James Ward School
2703-2729 South Shields Avenue
Historical profile by Elizabeth A. Patterson
Located in the Armour Square neighborhood of Chicago, James Ward School is the city’s oldest public school building still in active use. The original building was one of six elementary schools constructed in 1874-75 as part of the push to reconstruct and reinvigorate the Chicago Public School system after the Great Fire of 1871. Designed by the short-lived firm of Edelmann and Johnston – now best known for its early nurturing of renowned architect Louis Sullivan – Ward School was modeled after their much-admired King School of 1873. (Located on Harrison Street, near Western Avenue, King School is no longer extant.) (1)
Both Ward and King (and the five others like them) were designed in the popular Italianate style of the time, and included many innovations. Edelmann and Johnston trimmed the load-bearing brick walls of the three-story buildings with limestone stringcourses and windowsills and hoods. They topped the buildings with impressive pressed-metal cornices supported by decorative brackets. Inside, the firm used center-hall plans featuring four rooms per floor, thus insuring that each classroom had large windows on two walls, thereby maximizing natural light and ventilation. For similar reasons, they placed chimney and ventilation stacks on either side of the center halls. Brick replaced wood in partition walls. And toilets were located in the raised basements, rather than in outhouses in the schoolyard. (2)
Following its general practice of the time, the Board of Education named the Shields Avenue school for one of its former members, James Ward (1814–1881). Ward, however, was more than a mere politician. Born near Antrim, Ireland, he left home for the United States at the age of twenty. He stopped first in Auburn, New York, but in 1841 came west to Chicago. Here, he invested in real estate and, with his brother, became a builder, erecting “some of the most substantial buildings between the Chicago River and Halsted.” (3) In 1857, he became a member of the Board of Education. He served until 1863, when the Board named him its “Building and Supply Agent,” a position he held until his death in 1881. As Building and Supply Agent, Ward was officially charged with overseeing construction of the city’s public schools. His duties included construction of Ward School and the others modeled on the King School plan. In its 1874 Annual Report, the Board heralded Ward “for the faithful and economical performance of …his duty,” calling the new buildings “perfect and complete in every detail, thoroughly substantial, [and] a credit to the city….” (4)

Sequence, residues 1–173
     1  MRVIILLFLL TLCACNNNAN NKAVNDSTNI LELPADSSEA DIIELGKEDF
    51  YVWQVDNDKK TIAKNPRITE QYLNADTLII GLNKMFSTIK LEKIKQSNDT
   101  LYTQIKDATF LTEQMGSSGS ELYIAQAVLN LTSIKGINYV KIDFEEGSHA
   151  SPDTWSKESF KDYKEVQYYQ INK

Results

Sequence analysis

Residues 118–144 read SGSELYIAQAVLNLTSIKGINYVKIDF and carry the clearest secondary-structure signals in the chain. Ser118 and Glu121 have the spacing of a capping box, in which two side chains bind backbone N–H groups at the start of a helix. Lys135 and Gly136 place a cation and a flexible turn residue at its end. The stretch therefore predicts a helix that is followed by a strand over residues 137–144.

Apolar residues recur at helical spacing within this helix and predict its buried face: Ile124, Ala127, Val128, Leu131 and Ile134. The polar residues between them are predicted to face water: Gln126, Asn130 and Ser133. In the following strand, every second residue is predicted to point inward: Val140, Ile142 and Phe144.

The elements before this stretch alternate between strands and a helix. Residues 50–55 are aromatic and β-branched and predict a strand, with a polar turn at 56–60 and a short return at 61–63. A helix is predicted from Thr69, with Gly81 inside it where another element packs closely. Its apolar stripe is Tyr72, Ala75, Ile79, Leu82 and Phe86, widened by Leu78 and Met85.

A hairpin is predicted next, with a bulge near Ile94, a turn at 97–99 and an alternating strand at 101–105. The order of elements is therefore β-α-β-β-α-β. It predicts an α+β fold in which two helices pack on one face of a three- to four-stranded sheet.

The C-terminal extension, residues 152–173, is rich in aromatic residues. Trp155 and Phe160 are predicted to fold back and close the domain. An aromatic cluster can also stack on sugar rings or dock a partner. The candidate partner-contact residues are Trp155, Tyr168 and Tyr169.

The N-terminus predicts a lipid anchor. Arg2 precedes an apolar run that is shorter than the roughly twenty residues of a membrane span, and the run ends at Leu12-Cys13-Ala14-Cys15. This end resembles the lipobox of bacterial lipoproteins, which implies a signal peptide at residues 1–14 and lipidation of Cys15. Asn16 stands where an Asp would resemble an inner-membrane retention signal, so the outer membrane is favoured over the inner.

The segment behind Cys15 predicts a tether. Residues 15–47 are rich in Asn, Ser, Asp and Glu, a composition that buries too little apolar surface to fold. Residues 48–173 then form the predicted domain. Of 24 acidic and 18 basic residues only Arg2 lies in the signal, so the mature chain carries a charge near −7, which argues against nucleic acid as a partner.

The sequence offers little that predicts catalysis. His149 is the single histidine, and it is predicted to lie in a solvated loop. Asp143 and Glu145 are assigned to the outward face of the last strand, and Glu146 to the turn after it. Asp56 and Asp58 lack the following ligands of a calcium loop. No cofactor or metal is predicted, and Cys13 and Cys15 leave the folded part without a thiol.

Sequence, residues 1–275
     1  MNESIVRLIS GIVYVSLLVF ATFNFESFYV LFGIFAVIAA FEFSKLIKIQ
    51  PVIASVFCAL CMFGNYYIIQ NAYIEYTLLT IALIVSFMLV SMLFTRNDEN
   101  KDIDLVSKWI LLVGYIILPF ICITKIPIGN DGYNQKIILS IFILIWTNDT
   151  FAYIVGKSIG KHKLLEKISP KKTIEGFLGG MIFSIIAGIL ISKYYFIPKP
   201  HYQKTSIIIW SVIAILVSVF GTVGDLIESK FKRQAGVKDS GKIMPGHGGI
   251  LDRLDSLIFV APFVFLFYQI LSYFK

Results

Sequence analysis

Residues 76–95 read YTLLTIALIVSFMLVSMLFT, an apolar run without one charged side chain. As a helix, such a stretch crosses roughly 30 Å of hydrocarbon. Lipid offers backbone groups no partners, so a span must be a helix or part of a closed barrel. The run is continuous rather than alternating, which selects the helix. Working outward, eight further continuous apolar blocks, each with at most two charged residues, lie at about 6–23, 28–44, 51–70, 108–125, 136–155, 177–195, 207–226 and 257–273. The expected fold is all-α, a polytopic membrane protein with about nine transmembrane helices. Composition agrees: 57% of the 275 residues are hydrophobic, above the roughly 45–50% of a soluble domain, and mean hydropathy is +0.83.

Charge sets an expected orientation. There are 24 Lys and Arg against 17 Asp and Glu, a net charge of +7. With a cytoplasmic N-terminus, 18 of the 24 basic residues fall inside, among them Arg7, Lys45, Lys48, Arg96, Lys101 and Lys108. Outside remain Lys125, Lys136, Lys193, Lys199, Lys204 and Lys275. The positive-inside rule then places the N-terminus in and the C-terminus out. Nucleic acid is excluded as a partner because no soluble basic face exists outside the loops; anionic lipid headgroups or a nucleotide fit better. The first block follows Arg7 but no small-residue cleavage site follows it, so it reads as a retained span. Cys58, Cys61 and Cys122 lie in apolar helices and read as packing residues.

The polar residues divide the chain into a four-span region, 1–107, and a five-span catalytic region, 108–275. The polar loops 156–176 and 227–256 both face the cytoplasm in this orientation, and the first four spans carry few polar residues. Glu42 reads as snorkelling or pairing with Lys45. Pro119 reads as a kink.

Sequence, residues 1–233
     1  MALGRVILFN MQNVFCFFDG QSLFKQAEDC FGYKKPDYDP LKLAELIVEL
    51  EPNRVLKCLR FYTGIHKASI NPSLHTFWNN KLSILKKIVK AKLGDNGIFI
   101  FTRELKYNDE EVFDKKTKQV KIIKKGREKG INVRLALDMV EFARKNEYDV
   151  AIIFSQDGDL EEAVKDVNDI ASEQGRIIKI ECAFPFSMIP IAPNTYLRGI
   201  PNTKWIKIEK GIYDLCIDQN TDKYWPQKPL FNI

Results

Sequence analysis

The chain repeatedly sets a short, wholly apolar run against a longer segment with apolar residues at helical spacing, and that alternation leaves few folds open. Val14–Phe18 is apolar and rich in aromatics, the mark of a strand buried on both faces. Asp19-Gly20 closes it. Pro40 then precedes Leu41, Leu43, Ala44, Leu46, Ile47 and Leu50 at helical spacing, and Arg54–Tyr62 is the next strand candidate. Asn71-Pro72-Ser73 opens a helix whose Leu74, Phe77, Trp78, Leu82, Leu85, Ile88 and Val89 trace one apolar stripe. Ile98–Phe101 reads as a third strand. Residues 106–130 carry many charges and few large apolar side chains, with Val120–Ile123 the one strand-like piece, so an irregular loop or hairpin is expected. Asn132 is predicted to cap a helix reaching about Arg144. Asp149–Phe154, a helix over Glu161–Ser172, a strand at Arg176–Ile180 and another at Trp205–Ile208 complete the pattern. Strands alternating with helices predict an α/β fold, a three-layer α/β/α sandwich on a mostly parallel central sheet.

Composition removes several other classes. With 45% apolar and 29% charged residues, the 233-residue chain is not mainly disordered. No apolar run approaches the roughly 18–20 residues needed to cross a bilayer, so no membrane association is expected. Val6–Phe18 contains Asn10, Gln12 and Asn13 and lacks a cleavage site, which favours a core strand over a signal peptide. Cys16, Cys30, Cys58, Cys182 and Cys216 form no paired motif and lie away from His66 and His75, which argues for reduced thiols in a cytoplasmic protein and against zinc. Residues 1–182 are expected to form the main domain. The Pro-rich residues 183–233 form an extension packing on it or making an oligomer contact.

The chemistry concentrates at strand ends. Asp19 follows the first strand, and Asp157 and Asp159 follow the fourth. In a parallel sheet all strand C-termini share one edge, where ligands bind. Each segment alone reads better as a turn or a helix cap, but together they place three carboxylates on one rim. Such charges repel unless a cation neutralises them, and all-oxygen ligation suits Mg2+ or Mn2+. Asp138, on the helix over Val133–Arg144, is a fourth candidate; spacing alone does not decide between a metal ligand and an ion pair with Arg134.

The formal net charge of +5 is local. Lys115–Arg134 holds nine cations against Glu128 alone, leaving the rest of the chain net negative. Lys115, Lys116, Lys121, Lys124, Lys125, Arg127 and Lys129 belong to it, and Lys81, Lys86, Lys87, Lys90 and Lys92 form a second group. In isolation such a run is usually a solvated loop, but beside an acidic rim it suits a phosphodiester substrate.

Nevertheless, within a few decades, the school population in the working-class Armour Square neighborhood—and across the City—had grown dramatically, and additional classroom space was much needed. By 1888, many schools throughout Chicago had been forced to implement two half-day sessions. Ward School parents instead requested the creation of three additional classrooms in the school basement. These were damp and moldy, with poor ventilation, but the immigrant parents preferred them to a loss of classroom time for their children. (5)